(Jan - Jun 1926), - Chicago, Photoplay Magazine Publishing Company. This is a movie fan magazine, with lots of ads for movies and cosmetics, and with beauty and fashion articles. You also get the synopses of what's at the theatre, and an illustration of normal bathing suits.

13.) Religion for the time and place.
I actually found a volume of Jehovah's Witnesses publications from the period, the predecessor to The Watchtower. I also talked to old Catholics about their church before 1968. I researched the Masons and the Rosicrucians, including the anti-Masonic literature. My chosen substitutes are Are the Jews a Menace to Civilization? The Character of the Jew Explained, 1934, which for a change is an anti-anti-Semitic anonymous pamphlet. To balance it, read the Protocols of the Elders of Zion updated, Anti-Semitism is fairly normal, and even if you don't emphasize it, it is just there, like rain.

14.) A fat history book of the area and quarter-century before as an introduction.
Only Yesterday: An Informal History of the 1920's
(1931) by Frederick Lewis Allen may also fit the bill. Running from 1919 to 1931 (remember, "the Twenties" didn't really exist), it's a an intro to political scandals, baseball, Lindbergh, Florida, gangsters, and the other major matters, sometimes in detail that makes you want to scream, or at least turn pages real fast. Which sections do that depends on what you like.

15.) A history of the most influential country at the time (country A).

16.) A history of its rival (country B).

Simonds, Frank H., LittD & Brooks Emeny, PhD; The Great Powers in World Politics; International Relations and Economic Nationalism 1935-1939; 1935-1939; American Book Co., NY. Actually covers 1890-1939 without foreknowledge of WW2. This will work quite nicely for a history refresh over all.

17.) A biography of the leader of country A

18.) A biography of the leader of country B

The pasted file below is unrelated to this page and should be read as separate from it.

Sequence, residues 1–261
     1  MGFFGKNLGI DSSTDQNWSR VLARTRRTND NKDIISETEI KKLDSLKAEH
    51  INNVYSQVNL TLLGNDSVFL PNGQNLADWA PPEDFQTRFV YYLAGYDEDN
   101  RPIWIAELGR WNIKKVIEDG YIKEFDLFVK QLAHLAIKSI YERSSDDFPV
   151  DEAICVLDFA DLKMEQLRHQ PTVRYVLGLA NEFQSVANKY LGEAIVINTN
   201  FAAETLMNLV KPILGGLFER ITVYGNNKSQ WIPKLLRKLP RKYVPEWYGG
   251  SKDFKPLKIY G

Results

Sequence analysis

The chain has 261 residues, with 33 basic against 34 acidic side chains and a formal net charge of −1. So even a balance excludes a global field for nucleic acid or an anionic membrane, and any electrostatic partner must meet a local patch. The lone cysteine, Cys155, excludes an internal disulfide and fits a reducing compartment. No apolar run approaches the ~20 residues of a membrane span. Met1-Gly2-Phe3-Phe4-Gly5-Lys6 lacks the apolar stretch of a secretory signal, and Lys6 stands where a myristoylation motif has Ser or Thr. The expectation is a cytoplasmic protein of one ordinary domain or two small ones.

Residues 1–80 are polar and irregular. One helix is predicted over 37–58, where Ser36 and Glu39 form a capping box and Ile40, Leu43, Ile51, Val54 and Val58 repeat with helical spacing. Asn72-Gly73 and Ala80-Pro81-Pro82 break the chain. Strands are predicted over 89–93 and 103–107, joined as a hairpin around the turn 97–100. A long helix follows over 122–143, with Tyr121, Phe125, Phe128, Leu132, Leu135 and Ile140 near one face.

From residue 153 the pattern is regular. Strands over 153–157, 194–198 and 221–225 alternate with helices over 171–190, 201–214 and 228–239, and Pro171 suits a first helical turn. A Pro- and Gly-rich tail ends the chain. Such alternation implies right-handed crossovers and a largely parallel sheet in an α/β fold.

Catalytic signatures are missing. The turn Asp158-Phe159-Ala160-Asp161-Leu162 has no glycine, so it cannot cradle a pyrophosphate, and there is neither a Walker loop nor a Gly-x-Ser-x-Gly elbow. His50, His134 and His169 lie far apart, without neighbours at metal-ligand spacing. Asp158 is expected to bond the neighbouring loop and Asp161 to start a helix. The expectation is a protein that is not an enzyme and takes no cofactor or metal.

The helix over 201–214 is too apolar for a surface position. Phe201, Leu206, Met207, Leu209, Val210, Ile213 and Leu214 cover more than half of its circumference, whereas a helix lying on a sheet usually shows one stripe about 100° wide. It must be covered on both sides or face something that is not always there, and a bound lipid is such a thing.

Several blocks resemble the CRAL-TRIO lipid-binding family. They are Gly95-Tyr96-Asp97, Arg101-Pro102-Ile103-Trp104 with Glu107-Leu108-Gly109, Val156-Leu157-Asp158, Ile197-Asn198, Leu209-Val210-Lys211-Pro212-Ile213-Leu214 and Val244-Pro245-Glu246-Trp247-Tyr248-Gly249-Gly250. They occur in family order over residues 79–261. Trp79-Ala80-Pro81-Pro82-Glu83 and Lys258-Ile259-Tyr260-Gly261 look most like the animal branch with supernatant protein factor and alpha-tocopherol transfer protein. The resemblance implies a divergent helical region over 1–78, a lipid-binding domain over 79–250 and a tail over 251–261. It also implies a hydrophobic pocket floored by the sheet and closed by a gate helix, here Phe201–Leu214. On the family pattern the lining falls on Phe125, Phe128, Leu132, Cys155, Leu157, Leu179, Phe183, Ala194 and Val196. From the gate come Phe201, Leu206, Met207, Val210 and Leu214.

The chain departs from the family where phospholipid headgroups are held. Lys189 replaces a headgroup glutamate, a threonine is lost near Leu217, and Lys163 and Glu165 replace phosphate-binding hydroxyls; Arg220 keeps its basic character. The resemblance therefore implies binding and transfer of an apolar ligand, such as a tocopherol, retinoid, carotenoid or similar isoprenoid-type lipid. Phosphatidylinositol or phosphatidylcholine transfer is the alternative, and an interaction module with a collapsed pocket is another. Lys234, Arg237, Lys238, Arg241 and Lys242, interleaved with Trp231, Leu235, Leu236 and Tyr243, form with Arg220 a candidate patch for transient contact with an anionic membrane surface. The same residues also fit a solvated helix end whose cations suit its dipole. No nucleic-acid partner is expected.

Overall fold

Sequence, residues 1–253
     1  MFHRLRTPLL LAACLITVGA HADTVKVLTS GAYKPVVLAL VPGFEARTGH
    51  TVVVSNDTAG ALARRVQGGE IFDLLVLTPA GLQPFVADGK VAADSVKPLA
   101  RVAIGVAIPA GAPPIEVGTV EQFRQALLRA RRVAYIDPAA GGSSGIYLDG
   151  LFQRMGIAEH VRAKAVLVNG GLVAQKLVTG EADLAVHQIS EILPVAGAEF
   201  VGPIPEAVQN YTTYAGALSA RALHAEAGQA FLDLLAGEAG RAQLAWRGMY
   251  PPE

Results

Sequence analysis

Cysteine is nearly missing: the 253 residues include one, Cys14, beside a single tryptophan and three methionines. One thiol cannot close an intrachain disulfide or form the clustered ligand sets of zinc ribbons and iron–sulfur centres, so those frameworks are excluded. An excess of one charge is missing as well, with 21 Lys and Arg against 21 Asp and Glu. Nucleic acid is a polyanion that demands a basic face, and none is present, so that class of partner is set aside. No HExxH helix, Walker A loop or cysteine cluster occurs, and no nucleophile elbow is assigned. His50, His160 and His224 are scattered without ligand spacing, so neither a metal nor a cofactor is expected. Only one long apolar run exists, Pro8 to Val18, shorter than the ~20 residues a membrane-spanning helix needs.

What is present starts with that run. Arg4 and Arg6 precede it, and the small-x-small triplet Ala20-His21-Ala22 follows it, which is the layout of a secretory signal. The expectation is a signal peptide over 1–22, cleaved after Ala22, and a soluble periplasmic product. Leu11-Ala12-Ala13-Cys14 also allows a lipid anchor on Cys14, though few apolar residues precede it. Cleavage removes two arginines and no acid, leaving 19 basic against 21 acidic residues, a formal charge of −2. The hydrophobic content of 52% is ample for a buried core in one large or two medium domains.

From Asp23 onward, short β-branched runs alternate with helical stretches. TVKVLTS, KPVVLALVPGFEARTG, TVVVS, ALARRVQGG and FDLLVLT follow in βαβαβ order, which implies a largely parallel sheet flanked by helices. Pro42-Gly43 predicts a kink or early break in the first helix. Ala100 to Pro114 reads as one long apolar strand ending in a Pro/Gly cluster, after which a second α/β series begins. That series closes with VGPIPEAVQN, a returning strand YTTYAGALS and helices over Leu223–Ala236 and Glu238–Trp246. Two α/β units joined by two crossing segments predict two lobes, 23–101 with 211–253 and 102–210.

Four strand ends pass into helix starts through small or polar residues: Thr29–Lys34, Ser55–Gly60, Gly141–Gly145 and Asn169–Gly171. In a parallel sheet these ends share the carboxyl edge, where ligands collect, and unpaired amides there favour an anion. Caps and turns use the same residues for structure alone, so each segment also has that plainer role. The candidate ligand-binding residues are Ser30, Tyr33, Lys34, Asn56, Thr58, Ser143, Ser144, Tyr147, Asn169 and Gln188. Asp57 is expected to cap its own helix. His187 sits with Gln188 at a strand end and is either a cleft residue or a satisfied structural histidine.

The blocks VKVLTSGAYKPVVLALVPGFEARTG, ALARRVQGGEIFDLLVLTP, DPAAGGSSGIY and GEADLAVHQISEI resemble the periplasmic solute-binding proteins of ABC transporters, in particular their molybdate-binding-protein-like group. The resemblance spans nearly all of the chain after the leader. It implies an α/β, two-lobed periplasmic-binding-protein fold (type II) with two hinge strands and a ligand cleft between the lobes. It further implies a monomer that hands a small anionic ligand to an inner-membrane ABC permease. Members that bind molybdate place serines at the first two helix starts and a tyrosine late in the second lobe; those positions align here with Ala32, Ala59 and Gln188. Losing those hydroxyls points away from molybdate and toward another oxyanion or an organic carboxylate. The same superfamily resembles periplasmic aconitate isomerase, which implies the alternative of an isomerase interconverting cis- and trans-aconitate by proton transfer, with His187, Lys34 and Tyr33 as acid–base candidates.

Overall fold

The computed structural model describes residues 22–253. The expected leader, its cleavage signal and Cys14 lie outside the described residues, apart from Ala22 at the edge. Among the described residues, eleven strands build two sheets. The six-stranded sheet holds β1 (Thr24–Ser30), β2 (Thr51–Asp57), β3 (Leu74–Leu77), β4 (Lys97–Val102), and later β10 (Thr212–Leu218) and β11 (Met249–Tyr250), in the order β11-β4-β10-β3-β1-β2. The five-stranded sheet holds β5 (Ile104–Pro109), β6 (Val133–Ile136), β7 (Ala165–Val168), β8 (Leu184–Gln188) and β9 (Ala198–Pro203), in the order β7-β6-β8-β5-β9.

If they feature in your book. In Near History, you can substitute two biographies of any notable celebrities of the time, though the more different they are the better. Say, Al Capone (Al Capone; the Biography of a Self-made Man (1930) ;-) and Billy Sunday, or Clara Bow and Aimee Semple McPherson.

19.) A history of the country you are setting in, general.
Really, if you passed college second-semester American History, you're probably okay if you refresh your dates with a couple of hours at Wikipedia. If you haven't got that far, do your Wikipedia and stay away from the halls of power and international politics. But remember that your protagonist will probably have a better grasp of American history-as-national-propaganda than you do: she goes to much more demanding schools. She will be able to name all presidents and their years in office (possibly the vice-presidents), all the important battle dates for the Revolutionary War, War of 1812, Mexican War, Civil War in some detail, the Spanish-American War, and will have child memories of the European War in the papers and as discussed around her, besides what they teach in school about it.

20.) A history of the country you are setting in, that era.
A large encyclopedia article may do.
.Anxious Decades: America in Prosperity and Depression, 1920-1941 (Norton twentieth century America series) by Michael E. Parrish (W.W.Norton, 1992) will fill the bill, though it goes well beyond, but you can usually find this at the library, or buy it pretty cheap second hand.

21.) A biography of the leader of the country of your setting.
Substitute another celebrity biography, preferably one who isn't stereotypical. Say, Life and Lillian Gish, by Albert Bigelow Paine (New York, The Macmillan Company, 1932), as a non-scandalous movie star who returned to the stage when talkies came in.

22.) An everyday life for the commoner/lower classes of your time and place.
Of course, we will be tempted to load up on bootleggers. Every book on the era covers bootleggers, usually picking a favorite to follow. Many choose Capone, but look for others. The gangster movies before 1934 are pretty good for this (Little Caesar, Public Enemy (poor movie, good on vignettes of the life), The Roaring Twenties, Smart Money). But check #47, Popular Science, for articles on rum runners and how the Feds go after them. It's the period approach. They also give an unusual time-table on what approaches to getting liquor were being used. Twists, Slugs and Roscoes: A Glossary of Hardboiled Slang is your guide to talking tough for underworld types. Accurate and well-researched. Check especially the note on "gunsel."

23.) An everyday life for the upper classes of your time and place.
Emily Post, Etiquette (1922). That's what she born into and where she lived.

24.) An everyday life for the middle class of your time and place.